Thu, 2 February 2017
During a handful of months in 1789 and 1790, representatives of the new nation of the United States came together in New York City to make decisions which would forever affect the lives of Americans.
In this second part of our two-part show on New York as the first federal capital of the United States, we roll up our sleeves and get down to business. (In the first part, he moved the capital to lower Manhattan and inaugurated ourselves a new president George Washington!)
The men of the first Continental Congress -- which first met in the Spring of 1789 -- had a lofty job in front of them that year. They needed to not only construct the tools and offices of a brand new government, they were also tasked with defining the basic rights of American citizens via a set of amendments to the U.S. Constitution -- the Bill of Rights.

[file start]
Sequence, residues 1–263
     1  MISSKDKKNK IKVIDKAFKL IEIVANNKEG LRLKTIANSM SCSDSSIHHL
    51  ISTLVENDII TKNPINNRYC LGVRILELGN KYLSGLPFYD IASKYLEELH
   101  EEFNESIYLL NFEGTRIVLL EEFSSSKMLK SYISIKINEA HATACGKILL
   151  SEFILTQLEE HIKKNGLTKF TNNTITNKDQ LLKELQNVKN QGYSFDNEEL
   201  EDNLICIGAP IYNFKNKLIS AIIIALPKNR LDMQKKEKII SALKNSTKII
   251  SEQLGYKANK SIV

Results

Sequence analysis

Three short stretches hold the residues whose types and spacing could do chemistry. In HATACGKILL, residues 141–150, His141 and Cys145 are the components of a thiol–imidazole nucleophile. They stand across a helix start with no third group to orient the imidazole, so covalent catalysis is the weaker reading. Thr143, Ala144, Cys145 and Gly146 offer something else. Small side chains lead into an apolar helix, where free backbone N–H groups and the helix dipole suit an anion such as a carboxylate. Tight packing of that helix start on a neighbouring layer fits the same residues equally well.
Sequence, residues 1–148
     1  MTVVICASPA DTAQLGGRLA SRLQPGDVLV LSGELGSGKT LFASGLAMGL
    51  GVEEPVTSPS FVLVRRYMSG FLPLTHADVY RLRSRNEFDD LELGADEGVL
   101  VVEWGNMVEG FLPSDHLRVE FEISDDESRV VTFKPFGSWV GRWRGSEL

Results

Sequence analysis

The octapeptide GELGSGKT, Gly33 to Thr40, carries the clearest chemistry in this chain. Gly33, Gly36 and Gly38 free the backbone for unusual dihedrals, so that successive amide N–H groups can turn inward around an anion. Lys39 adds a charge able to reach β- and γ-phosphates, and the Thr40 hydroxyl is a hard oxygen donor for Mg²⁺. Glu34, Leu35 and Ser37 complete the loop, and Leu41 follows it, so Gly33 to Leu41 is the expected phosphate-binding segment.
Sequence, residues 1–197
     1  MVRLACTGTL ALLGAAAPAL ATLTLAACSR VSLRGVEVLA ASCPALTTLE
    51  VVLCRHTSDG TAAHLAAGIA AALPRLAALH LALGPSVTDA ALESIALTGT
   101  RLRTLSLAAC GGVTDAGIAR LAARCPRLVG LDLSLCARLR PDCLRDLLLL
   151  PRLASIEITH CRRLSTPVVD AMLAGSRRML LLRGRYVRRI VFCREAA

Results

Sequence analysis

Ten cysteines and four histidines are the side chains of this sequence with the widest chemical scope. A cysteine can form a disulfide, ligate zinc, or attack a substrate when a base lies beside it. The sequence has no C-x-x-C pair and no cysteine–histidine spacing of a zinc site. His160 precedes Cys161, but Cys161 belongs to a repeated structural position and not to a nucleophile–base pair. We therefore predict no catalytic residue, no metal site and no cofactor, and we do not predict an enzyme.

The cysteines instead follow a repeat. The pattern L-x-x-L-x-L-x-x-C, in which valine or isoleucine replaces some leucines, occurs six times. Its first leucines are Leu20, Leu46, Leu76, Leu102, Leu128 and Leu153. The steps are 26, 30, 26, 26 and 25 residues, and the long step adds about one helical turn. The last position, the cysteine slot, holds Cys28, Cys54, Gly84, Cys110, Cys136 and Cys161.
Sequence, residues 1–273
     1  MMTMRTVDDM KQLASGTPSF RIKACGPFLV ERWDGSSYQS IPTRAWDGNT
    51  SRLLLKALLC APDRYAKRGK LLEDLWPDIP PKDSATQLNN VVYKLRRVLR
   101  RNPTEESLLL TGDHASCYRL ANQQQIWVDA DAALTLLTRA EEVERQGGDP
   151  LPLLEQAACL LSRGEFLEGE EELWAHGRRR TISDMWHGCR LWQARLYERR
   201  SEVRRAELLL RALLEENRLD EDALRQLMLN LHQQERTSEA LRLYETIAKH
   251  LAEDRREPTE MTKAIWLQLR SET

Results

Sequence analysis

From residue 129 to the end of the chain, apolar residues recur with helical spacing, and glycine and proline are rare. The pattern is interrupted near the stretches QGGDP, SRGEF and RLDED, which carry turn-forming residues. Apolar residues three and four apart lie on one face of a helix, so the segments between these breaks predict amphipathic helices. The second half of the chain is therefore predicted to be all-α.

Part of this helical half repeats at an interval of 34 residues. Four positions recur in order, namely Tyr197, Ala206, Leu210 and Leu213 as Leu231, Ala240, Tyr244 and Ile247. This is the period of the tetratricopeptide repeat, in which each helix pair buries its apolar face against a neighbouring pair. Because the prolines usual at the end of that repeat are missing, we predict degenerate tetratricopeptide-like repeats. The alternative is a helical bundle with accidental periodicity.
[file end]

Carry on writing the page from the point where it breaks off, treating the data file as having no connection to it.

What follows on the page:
Now imagine doing this in your post-Colonial era garments during a hot summer, all crammed into a few rooms at Federal Hall, the former City Hall building on Wall Street.
It was here that the Bill of Rights was introduced, debated and voted upon. But those weren't the only monumental decisions being made in the city.
When nobody could come to an agreement on two major issues -- the assumption of state debt and the location of the permanent federal capital -- it was up to Thomas Jefferson, Alexander Hamilton and James Madison to craft a deal, made during a legendary dinner party on Maiden Lane. We live today with the critical decisions made by these three men on that night over food and wine.
ALSO: The tale of James Hemings, an enslaved man who became an accomplished French chef and most likely the cook for that very dinner, witness to the events in "the room where it happened."
Direct download: 221_New_York__Capital_City_of_the_United_States.mp3
Category:general -- posted at: 6:50pm EDT